In the sixteenth century, the population of Edinburgh was growing rapidly and in 1584 the town council decided to divide it into four parishes, each with its own church. By 1699 the interior of St Giles’ had therefore been transformed into four entirely separate churches, with the erection of a number of partitions. The word ‘partition’ may sound as though it refers to something flimsy, but the separating walls were actually made of stone, for the most part blocking up the existing archways. Attached to the inner walls of each of the four churches were tiers of balconies, known as lofts.
The largest of the four churches occupied the chancel of St Giles’, which was then called the East Kirk, the High Kirk or the New Kirk. The crossing and part of the nave became the Auld Kirk (Old Church) or Great Kirk. At the south west end was the Tolbooth Kirk or West Kirk, and at the north west end was Haddo’s Hole Kirk, entered by an arched doorway now occupied by the memorial to those members of the congregation killed in World War II.
The East Kirk was the largest of the four and was generally regarded as being the most important, although for many years the royal pew was situated in the Auld Kirk. People were supposed to attend their own parish church, designated by the town council, but many of them went to whichever church had a minister who preached the style of sermon that they preferred.
The internal divisions of the building persisted until William Chambers undertook his great restoration scheme in the 1870 and 80s.
The Fate of the Four Churches
The Tolbooth Kirk
During his restoration of St Giles’ Cathedral in 1829-31, William Burn changed the interior, so that at the west end of the building there was just one large church instead of two. Now called the West Kirk, it was occupied by the Tolbooth Kirk congregation until in 1843 they moved out to the newly built Victoria General Assembly Hall at the top of the Lawnmarket (now a secular building, The Hub).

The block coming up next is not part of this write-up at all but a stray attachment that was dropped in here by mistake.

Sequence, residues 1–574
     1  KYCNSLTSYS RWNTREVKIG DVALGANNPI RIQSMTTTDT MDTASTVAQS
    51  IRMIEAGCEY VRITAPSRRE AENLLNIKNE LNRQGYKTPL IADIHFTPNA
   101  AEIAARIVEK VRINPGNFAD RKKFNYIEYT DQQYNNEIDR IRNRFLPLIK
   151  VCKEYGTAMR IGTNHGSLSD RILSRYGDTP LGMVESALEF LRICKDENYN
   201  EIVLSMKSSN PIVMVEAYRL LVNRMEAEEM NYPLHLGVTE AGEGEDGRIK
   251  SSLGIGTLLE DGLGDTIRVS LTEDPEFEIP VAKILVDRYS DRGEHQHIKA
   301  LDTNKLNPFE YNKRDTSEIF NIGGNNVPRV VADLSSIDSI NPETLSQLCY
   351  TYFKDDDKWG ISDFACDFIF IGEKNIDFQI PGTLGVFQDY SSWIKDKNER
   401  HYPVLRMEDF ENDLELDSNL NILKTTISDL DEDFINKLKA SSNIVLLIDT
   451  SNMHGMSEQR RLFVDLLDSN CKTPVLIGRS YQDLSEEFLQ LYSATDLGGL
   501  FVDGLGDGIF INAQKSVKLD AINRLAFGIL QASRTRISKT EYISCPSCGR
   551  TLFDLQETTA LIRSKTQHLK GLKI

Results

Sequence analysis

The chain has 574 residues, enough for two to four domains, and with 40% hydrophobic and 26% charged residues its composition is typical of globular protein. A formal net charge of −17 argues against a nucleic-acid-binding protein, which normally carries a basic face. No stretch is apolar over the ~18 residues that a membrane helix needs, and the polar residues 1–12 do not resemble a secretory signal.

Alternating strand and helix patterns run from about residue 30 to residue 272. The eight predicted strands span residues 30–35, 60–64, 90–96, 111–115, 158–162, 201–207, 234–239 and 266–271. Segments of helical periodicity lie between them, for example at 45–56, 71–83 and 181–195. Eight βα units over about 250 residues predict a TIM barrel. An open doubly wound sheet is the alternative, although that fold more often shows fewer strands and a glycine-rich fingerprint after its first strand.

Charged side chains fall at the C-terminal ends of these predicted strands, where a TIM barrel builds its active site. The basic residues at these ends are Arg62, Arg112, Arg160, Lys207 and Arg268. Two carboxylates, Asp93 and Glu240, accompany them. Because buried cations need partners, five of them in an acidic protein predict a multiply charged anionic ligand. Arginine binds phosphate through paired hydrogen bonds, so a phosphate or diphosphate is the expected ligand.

Haddo’s Hole Kirk
The Haddo’s Hole congregation then moved into the now vacant West Kirk but when William Chambers started his restoration scheme, he needed them to leave. In 1873 he provided them with a temporary iron church on Bruntsfield Links until a new church was built for them in nearby Meadow Place. It opened in 1883 and was eventually demolished in the late twentieth century.
The Auld Kirk
In 1843 The Disruption took place, when the Church of Scotland split in two and the Free Church of Scotland was formed. Many members of the Auld Kirk left and so those who remained were also allowed to hold services in the West Kirk. However, because of their falling numbers, the Old Kirk was abolished by an Act of Parliament in 1860. The congregation launched a long campaign to remain in St Giles’, but their appeal was finally rejected by the Court of Session so that the Chambers Restoration could go ahead.
The High Kirk
Since the Reformation the High Kirk congregation had held its services in the former chancel of St Giles’. With the completion of the Chambers Restoration in 1883, they became the sole congregation in the Cathedral, as they are today.